I am sure someone else will clarify.

http://www.google.com/url?sa=t&rct=j&q=&esrc=s&frm=1&source=web&cd=7&ved=0CHAQFjAG&url=http%3A%2F%2Fwww.hoffmang.com%2Ffirearms%2FDOJ-large-cap-magazines-2005-11-10.pdf&ei=ihu9T9jYK4-ssAKXrekY&usg=AFQjCNHBbXRWRXoCJAZcximz4_3z9bfcYA&sig2=HoJhoMVK4z7GnZvDXbOMFQ

motorhead
05-23-2012, 11:23 AM
that sounds overly convoluted. my understanding was that complete replacement was ok provided the defective mag was disassembled and taken out of service. the lack of a requirement that ANY of the old mags parts be reused would tend to reinforce this.

BTW, to the OP, copes only adds $1 to ship a mag as a kit. $9.95 flat rate shipping. great folks.

SanPedroShooter
05-23-2012, 12:05 PM
If its convoluted, its because thats the way the law is written and interpreted.

I dont have enough imagination to make this stuff up....

Replacement and repair are two different things, one illegal, one not, according to the AG letter from 2005, even though they have the same outcome. Hair splitting possibly. I would personaly still start with a repair kit and work my way up, rather than buy outright a new 'replacement' mag.

I am suprised there isnt anyone with more experiance to post a comment. My standars caps are all steel, and in new condition. I have never had to repair them or rebuild them, but I given it some thought.

Lone_Gunman
05-23-2012, 12:44 PM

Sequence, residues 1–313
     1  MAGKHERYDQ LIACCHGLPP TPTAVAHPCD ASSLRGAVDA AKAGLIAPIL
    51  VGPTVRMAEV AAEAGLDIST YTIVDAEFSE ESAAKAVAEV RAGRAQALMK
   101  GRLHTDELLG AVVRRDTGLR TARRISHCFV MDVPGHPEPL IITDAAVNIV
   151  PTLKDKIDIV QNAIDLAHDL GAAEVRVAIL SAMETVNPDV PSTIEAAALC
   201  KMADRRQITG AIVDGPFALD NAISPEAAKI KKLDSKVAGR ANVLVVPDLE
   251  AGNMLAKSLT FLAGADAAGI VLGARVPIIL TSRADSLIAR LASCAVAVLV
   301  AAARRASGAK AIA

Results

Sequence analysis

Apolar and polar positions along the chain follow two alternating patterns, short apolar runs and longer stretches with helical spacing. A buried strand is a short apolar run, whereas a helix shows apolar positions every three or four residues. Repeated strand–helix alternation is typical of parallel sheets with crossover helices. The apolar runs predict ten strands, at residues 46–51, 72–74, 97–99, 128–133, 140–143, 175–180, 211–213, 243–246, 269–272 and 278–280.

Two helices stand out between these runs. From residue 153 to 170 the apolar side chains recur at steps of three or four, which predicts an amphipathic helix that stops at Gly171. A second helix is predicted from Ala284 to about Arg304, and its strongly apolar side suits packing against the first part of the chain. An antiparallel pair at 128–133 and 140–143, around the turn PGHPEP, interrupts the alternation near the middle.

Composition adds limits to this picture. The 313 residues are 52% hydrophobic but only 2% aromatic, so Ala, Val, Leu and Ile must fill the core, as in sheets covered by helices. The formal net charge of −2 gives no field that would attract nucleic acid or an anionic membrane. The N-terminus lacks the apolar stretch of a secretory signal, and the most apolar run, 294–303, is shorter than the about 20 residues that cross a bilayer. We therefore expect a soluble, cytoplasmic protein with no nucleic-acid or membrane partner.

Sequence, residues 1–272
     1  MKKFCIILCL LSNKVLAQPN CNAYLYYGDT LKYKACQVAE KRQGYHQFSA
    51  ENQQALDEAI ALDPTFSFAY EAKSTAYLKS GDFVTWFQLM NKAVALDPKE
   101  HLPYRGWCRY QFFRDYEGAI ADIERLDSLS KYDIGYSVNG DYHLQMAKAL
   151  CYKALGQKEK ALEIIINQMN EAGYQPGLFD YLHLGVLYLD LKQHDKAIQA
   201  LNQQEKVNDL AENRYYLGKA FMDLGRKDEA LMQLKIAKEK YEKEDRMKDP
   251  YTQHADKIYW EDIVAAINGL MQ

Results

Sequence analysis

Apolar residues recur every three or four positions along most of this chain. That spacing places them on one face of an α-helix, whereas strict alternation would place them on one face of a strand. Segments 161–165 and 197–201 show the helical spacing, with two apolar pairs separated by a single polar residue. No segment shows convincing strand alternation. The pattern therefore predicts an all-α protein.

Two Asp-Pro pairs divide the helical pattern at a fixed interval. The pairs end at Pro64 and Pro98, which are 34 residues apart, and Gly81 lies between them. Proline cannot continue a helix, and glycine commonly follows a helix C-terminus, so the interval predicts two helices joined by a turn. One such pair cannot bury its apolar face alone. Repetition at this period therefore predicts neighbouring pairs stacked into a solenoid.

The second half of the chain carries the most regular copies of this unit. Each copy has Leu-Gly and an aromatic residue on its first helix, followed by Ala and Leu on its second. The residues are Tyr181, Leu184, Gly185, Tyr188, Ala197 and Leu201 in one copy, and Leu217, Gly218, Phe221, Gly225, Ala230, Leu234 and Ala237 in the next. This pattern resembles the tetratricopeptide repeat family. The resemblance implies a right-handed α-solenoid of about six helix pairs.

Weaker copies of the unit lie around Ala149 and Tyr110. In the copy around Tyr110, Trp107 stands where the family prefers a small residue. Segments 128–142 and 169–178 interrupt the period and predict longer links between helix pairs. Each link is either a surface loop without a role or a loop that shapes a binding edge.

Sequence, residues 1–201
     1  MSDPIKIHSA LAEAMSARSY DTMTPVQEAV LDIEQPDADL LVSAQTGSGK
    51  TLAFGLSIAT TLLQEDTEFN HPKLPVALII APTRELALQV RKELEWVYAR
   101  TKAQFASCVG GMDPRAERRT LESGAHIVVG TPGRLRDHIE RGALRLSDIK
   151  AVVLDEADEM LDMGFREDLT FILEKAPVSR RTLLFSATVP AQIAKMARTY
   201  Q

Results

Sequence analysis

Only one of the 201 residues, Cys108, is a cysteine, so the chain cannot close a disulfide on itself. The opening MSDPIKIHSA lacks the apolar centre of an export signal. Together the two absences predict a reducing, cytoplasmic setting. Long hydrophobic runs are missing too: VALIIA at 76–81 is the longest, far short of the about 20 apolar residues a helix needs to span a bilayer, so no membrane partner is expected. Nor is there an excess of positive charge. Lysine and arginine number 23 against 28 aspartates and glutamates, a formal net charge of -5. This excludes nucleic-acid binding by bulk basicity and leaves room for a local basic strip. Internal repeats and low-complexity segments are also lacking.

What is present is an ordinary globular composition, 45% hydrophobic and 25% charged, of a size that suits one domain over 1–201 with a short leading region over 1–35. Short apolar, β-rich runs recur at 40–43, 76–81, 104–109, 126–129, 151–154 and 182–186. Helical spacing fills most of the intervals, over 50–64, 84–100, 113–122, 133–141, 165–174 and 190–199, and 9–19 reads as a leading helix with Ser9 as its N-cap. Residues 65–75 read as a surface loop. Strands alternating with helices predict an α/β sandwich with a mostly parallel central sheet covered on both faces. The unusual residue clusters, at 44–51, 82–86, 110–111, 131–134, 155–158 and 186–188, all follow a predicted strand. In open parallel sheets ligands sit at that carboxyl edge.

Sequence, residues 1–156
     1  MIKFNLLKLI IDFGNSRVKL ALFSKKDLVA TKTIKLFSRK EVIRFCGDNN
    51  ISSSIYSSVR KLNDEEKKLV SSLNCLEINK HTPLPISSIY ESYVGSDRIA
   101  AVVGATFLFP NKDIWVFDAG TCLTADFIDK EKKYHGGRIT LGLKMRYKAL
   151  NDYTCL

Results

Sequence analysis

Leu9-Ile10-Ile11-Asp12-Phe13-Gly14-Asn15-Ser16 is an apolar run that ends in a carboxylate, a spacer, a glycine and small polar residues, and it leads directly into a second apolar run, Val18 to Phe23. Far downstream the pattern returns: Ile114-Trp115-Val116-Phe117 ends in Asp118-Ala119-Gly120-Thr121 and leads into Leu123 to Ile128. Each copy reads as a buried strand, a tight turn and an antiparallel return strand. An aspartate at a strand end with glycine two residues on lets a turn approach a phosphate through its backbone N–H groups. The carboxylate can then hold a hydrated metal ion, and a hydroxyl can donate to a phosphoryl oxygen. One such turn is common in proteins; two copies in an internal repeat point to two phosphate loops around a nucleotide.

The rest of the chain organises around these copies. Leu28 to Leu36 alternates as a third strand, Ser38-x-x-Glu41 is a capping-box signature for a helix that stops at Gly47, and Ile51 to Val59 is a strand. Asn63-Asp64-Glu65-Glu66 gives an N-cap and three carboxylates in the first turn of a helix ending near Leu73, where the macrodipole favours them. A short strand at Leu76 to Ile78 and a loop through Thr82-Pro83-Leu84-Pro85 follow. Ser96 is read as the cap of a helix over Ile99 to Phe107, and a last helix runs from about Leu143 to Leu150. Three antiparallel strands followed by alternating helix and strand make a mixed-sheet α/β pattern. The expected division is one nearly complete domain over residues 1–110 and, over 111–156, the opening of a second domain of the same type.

Go with Pmags not ProMag. The quality is way better. The standard spring from a metal mag will work in a Pmag. Do it like this:

Day 1: replace everything from the old mag with Pmag parts except the old spring.

Day 2: replace the spring.

Mags legally rebuilt.

alfred1222
05-23-2012, 4:27 PM
Go with Pmags not ProMag. The quality is way better. The standard spring from a metal mag will work in a Pmag. Do it like this:

Day 1: replace everything from the old mag with Pmag parts except the old spring.

Day 2: replace the spring.

Mags legally rebuilt.

+1 go with PMags

Munk
05-24-2012, 1:36 PM
It's Theseus' ship. (not the user here, but the old philosophical quandary).

So long as the end result is that your pre-existing magazine didn't magically become two magazines, then your replacement of parts is probably good. To show a process trail of continuity (keeping the ship still the ship as much as possible) some advise that you leave one of the old parts in as an intermediary process, thereby establishing that your new parts constitute the "old magazine", then swap the final old part so that your "old magazine" is made entirely of repaired, replaced, or upgraded parts.(a legally owned large cap mag is a legally owned large cap mag, you can upgrade it to a larger capacity along this repair chain if you wish - The follower is a nice easy intermediary part to retain and is often compatible with many bodies)